Industry players have welcomed a proposal to automatically enrol all employees aged over 18 into KiwiSaver but warn more changes to the scheme are likely to bring more costs - some of which will have to be passed on to savers.
The Savings Working Group on Tuesday released about 30 recommendations on how to improve savings in New Zealand, including nine involving the workplace savings scheme, which has more than 1.6 million members.
Tracey Berry, Bank of New Zealand head of wealth and private bank, said anything that promoted savings was a good thing but she said schools would need to provide education on KiwiSaver if it was started at the age of 16.
"There would need to be some obligation put back on the schooling system to make sure they were equipped with information. When you start a job there are many things to think about and opting out of KiwiSaver might not be at the top of the list."
Berry said decoupling the age of eligibility for superannuation and KiwiSaver would also encourage young people to sign up.
But she said any changes to KiwiSaver needed to be managed to ensure less confusion among the public and costs to the industry.
"It is quite challenging for industry players. The KiwiSaver Act and Securities Law require material information to be passed on to members and it comes as a cost. In some circumstances members will pay for the change."
David Boyle, general manager funds manager at ANZ Wealth, said any changes to encourage young people into the scheme were positive as it enforced the saving habit.
Spreading the $1000 kick-start over five years would also do that.
Boyle said KiwiSaver would continue to evolve but also said any changes needed to be planned ahead of time to work in with documentation that was already released by providers.
"A planned approach will help mitigate the costs," he said.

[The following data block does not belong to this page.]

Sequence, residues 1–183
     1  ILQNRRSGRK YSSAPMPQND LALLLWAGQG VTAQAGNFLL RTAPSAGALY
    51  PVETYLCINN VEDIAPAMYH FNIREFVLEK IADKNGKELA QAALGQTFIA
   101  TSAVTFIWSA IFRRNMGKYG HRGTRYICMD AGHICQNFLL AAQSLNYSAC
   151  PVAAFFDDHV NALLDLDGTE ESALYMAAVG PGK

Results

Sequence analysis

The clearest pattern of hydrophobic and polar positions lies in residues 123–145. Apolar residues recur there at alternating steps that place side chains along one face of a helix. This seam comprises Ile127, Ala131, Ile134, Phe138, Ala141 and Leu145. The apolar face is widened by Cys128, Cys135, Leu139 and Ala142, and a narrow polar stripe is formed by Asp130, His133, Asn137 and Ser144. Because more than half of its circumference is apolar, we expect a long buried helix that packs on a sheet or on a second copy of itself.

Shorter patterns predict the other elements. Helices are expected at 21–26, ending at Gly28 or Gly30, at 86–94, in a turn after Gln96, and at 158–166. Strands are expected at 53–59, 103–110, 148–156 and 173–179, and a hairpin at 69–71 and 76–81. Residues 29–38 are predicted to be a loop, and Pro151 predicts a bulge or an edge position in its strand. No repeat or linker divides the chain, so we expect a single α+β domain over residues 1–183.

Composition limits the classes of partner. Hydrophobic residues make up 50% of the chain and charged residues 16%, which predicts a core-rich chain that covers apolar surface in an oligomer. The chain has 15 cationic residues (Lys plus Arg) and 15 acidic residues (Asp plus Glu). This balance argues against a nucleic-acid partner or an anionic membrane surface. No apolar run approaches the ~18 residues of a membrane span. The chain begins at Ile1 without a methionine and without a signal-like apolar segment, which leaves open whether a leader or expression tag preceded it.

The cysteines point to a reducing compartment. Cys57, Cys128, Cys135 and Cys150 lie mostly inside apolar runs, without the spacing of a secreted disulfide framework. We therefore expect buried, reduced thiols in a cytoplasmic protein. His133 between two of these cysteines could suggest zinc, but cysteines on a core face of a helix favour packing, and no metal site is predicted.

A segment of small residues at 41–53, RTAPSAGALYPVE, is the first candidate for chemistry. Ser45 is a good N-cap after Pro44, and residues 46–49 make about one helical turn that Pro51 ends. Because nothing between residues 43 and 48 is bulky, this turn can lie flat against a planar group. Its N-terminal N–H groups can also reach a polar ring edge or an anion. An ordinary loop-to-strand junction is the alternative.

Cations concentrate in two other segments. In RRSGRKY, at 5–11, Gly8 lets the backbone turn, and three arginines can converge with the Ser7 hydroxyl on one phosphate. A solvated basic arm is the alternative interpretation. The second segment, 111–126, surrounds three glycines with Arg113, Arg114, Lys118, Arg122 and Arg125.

"To have a knee-jerk reaction does affect the providers. Depending on what the changes are, there will be costs."
David Ireland, chairman of industry lobby group Workplace Savings NZ, warned tinkering around the edges of KiwiSaver would add complexity and needed to be carefully considered.
"The Savings Working Group has come up with a real smorgasbord of recommendations around KiwiSaver design," he said.
"Some are really good, but others - like moving to a single default scheme, removing the current tax-free concession on employer contributions and outlawing total remuneration approaches to employer contributions - need a lot more thought."
Ireland said there was a risk that some of the recommendations would cause confusion among savers and give rise to additional costs of delivery through extra layers of complication.
* Auto-enrolment of all employees at 18 years old (or 16) with the ability to opt out.
* Reducing the starting age of KiwiSaver from 18 to 16.
* Spreading the $1000 kick-start over five years and making payments contingent on ongoing contributions.
* Partial withdrawal of savings earlier than the super eligibility age.
* Stopping employers from giving non-KiwiSaver members a pay rise to compensate for not being part of the scheme.
* Removing the tax-free concession on employer contributions.
* Creating a single low-cost default scheme.
Source: Savings Working Group